My friend Hank Barnes wrote an outstanding post, Clarifying Objectives To Gain Consensus. In the post, he outlined a major reason customers struggle with buying is because of conflicting objectives within the buying team. We shouldn’t be surprised by this, yet, based on some of the discussion it seems we are.
Let me give an analogy, we all know the example of how a group of blind people arrayed around an elephant describe it very differently. To some it’s a snake, to others it may be a fan, to another it may be a wall.
None is necessarily wrong, they are limited to their own perspectives and fail to see the “whole.”
We shouldn’t be surprised about how this impacts buying (or any problem solving or change initiative within an organization). Each person impacted has a different perception of the problem, it’s importance, impact, or what they might do to address the problem.
Our perspectives are limited by how it impacts us in our current job, and our past experience with similar issues. There are few in the organization that have a perspective of the “complete problem,” even senior executives.
So the first challenge in any buying effort is that each person involved sees the problem differently. Overlay, each person my have differing objectives and priorities in addressing the issue, as they perceive it. For some, it’s mission critical, and it must be solved in one way. For others, it has less of a direct impact, or it may be a low priority. Think, for example, end users and IT organizations. For the end user, the need for a solution may be critical to their ability to do a job. For IT, facing competing requests from all sorts of organizations, the urgency to address this specific issue my be very low. And solutions they might consider good will fail to address the needs of the users.
And both are right!
It’s no wonder, buyers struggle so much in their buying effort. A large number of people are involved, each with a different perspective of the problem to be solved, each with a different perspective of the ideal solution, each with a different sense of urgency, and each with a different personal agenda.
But this is not new, we’ve known this for decades. And as we’ve seen buying groups grow, we see increasing difficulty in coming to consensus. In the end it’s no one’s fault and everyone’s fault.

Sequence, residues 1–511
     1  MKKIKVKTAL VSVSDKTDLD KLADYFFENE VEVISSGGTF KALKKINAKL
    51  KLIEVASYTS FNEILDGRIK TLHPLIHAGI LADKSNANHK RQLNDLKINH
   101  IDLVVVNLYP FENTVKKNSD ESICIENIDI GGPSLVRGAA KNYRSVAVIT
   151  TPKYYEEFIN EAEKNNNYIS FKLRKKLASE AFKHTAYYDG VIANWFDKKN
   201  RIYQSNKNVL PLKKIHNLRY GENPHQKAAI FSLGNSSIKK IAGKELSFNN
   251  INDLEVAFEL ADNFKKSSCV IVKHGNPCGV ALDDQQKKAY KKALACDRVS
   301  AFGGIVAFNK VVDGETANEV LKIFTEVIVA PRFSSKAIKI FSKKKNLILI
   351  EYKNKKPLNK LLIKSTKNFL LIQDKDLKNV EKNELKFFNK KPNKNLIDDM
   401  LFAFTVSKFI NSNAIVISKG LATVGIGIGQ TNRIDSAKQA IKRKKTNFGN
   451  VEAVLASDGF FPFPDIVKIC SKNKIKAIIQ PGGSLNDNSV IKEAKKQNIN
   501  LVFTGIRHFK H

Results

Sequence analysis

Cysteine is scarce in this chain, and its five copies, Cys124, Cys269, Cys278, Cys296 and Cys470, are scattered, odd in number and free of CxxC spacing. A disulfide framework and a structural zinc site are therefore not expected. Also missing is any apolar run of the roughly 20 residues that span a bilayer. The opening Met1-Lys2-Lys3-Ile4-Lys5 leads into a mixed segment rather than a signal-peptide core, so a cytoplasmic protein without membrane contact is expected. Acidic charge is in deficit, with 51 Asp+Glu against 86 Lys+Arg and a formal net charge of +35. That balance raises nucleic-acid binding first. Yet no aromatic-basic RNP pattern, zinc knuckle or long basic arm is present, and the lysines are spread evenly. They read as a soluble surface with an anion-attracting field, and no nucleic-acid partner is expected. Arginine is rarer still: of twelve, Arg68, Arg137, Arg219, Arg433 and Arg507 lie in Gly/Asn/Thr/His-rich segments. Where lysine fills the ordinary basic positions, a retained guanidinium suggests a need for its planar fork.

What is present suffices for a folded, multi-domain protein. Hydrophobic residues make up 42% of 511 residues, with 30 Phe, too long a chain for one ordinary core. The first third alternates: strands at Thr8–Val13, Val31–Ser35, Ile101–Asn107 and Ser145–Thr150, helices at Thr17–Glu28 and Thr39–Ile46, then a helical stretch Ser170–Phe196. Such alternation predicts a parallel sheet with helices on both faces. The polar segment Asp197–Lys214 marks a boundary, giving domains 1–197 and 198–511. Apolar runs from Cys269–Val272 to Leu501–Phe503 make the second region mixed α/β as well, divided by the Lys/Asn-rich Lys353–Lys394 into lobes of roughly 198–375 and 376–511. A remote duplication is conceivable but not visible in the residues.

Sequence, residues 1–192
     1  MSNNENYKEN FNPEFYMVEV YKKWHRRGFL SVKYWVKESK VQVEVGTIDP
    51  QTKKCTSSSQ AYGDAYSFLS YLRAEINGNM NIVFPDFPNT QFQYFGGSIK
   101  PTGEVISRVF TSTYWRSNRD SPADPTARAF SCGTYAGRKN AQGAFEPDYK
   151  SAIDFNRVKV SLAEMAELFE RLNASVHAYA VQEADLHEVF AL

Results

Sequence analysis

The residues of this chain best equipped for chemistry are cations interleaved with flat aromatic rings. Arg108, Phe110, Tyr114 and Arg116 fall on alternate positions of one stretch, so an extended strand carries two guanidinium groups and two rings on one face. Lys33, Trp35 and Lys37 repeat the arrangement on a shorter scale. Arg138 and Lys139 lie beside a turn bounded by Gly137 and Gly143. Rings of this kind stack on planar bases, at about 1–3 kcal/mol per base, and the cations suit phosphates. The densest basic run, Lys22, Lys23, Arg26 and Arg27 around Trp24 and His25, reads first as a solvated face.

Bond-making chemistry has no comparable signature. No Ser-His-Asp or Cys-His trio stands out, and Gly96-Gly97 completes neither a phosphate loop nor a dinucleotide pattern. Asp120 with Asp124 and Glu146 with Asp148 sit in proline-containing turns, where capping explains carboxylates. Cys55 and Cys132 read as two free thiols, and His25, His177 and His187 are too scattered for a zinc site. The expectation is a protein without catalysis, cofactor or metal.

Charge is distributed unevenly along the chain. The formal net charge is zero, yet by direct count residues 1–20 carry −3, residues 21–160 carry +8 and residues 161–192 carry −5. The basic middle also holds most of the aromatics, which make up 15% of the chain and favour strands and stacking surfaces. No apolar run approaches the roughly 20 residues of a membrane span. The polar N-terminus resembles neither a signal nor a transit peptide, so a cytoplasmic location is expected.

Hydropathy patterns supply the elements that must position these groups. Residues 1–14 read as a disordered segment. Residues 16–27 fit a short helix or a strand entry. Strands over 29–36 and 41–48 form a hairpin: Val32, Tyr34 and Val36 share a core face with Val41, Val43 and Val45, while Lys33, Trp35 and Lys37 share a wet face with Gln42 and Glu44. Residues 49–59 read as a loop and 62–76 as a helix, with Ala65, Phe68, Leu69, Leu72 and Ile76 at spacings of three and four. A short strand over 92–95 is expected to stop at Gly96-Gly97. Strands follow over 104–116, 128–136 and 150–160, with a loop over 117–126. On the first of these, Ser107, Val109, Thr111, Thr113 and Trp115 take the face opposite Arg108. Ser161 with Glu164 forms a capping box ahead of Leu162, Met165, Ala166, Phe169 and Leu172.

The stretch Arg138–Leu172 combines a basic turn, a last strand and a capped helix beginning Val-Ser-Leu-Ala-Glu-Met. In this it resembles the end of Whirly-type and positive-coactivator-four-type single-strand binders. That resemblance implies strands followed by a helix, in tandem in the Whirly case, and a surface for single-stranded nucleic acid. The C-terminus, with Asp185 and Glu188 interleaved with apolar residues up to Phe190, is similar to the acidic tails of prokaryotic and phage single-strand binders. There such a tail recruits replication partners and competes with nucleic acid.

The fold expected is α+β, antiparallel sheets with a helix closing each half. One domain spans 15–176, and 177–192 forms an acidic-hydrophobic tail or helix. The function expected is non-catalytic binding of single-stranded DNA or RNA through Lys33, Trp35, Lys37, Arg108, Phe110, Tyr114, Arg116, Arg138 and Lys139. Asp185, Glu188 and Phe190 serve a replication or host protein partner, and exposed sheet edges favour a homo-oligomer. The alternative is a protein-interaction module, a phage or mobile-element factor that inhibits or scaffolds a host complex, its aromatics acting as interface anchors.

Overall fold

But why should we expect customers to be expert at this? Afterall, in complex B2B buying, they are addressing issues they don’t deal with every day. They may have never done this before. Or if they have, it may have been years ago, and the situation and people involved were very different.
They may, in fact, be unconscious that the problem looks different to other people. The person standing in front of the elephant’s trunk, defining it as a snake, bay be unaware someone is a few feed away describing the tusk as a weapon.
But this is where sellers can create huge value. We see others with these issues everyday, working with them to solve their problems. We know there are very different perspectives. We know who should be involved, and might suggest the customer engage others impacted by the issues. We have a better perspective of the “whole problem,” than the customer may have.
Also, because of our experience with other buyers, we know how to help them see the other perspectives, developing a richer understanding of the issues. We can provide great value working with them to align both their understanding of the problem, but also aligning around the objectives and urgency in addressing the problem.
We also know that things change through the buying process. Objectives, priorities, agendas change. People involved in the process may change. Other priorities may divert attention. Again, it’s not any individual failure, but just the way people and organizations work.
And all this stands in the way of our achieving our goals and objectives. We are hoping to win an order, but until the customer completes their buying process and aligns around a solution, we can’t succeed.
Again, because of our experience, we can not only help the customer align around the objectives and urgency of the project. But we can help them successfully navigate the process of solving the problem without getting derailed. We can recognize the conflicting interests, and objectives that might arise, help the customer understand those and gain/maintain consensus through the buying process and into implementation.
But if we fail to do this, both we and the customer are highly likely to fail! Not because anyone may have wanted the project to fail, but just because we failed to maintain alignment around the problem definition, objectives, goals, and project plan, and we failed to maintain consensus.
How are you helping your customer navigate this process?
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